Exploring the relationships between year of eligibility, self-perceptions and training behaviour in varsity student-athletes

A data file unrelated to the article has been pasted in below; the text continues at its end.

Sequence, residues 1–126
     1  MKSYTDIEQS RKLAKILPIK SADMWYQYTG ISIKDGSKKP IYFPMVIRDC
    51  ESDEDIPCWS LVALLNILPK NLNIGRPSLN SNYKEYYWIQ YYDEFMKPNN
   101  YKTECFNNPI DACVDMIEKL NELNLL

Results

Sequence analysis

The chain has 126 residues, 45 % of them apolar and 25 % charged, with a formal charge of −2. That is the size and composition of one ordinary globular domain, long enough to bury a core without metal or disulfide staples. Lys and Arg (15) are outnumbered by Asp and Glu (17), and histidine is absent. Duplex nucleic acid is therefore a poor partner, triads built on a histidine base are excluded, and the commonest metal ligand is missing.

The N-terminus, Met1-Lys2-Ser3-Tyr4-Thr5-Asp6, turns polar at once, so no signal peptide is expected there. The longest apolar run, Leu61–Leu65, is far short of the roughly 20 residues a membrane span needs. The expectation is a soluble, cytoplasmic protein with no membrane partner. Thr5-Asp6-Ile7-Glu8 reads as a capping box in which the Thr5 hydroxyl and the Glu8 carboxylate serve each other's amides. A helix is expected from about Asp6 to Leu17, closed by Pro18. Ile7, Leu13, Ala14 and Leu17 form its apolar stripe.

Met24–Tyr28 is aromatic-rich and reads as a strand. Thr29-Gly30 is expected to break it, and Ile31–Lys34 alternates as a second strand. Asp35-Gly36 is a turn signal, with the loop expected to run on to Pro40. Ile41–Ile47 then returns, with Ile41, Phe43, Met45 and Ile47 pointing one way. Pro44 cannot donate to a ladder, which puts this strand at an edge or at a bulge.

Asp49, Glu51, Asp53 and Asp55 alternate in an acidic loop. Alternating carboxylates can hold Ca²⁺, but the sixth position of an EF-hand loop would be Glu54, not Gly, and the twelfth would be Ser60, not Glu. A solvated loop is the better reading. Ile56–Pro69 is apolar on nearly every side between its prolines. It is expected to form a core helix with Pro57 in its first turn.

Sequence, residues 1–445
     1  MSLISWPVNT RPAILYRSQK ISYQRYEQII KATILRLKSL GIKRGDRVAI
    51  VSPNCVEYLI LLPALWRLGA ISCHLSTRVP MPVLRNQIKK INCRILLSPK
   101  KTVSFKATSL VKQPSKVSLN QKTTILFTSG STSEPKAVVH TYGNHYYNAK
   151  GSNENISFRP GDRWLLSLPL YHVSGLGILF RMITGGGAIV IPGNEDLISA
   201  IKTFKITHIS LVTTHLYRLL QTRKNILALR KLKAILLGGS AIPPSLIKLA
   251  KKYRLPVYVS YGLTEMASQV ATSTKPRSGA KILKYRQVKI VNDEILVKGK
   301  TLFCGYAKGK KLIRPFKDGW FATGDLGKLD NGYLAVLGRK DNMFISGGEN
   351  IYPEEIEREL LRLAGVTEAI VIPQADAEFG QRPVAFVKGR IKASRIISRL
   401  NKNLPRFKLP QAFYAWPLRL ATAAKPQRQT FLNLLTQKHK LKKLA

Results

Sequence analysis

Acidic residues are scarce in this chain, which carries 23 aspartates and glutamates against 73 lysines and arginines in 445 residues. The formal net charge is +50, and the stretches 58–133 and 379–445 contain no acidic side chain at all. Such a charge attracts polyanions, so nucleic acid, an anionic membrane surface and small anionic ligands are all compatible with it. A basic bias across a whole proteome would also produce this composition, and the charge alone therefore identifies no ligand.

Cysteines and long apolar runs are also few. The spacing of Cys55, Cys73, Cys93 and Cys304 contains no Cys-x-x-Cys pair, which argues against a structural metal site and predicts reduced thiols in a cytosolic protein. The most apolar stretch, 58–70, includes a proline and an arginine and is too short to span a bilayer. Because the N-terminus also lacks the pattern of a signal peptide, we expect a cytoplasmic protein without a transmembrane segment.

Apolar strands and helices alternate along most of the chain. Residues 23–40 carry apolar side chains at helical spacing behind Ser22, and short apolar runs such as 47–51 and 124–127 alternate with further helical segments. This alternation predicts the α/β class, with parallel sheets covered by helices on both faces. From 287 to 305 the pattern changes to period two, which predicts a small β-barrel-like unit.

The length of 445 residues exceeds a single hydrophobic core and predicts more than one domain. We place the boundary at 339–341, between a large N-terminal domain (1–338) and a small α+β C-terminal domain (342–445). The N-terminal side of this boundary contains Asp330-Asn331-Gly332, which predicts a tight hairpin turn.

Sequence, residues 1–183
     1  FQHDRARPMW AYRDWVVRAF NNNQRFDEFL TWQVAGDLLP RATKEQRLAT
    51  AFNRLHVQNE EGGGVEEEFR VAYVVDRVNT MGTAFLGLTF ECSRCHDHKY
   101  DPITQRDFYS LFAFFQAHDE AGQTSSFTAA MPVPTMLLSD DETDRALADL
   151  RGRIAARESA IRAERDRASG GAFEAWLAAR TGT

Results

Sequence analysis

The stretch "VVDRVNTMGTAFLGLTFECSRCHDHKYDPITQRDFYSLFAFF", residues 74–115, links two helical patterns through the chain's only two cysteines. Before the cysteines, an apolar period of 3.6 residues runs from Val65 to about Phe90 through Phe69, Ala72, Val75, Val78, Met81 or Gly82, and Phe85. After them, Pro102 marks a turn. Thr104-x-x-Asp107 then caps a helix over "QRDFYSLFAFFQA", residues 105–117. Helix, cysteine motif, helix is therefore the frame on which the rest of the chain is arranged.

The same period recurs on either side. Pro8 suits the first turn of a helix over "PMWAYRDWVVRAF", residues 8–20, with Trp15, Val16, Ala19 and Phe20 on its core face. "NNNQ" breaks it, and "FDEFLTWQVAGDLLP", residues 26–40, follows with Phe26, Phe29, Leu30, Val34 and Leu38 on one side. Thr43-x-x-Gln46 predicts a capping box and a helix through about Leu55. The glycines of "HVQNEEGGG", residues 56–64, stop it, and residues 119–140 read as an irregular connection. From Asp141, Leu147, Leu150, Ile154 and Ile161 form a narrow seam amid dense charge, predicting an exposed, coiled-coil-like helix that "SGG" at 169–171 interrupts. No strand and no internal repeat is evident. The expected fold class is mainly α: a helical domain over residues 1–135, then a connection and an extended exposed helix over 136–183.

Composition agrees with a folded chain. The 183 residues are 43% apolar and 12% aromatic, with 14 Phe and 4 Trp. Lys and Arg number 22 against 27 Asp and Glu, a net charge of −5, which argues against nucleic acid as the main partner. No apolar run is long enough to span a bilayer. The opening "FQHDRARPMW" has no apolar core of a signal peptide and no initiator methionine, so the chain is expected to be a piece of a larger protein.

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Although there is much research on the experiences and academic accomplishments of student-athletes, less work has focused on factors influencing training and performance outcomes among varsity student-athletes. This study aimed to explore the influence of psychological constraints on quality training outcomes and year of eligibility in a sample of varsity student-athletes. The purpose of this research is was to examine the relationships between year of eligibility, self-efficacy, self-regulation, and training behaviour in the varsity student-athlete population. Approximately 40 Ontario University Athletics (OUA) students from Ontario Tech University participated in this study. The Training Self-Efficacy Scale (TSS) was used to evaluate an athlete's practice history and general perceptions about training and practice settings. The Self-Regulated Learning for Sport Practice (SRLSP) was used to assess self-regulatory behaviours during practice/training settings. The largest correlation between the TSS and SRLSP subscales was observed between TSS Skills, Remediation, and Adjustments and TSS Overcoming Obstacles to Motivation (0.70). Moreover, strong significant relationships were observed between Age Started Playing Sport vs. Previous Training Hours Per Week. The very strong positive correlations included: TSS Time/effort & SRLSP reflecting/evaluating (0.76), TSS Skills & SRLSP Reflecting/Evaluation (.07), SRLSP Reflecting and Evaluating (0.72), Time/Efficacy (0.71), and Time/Expectation & Adjustments (.67). These results suggest that a high level of training and performance is associated with a higher level of motivation to complete sport-specific tasks.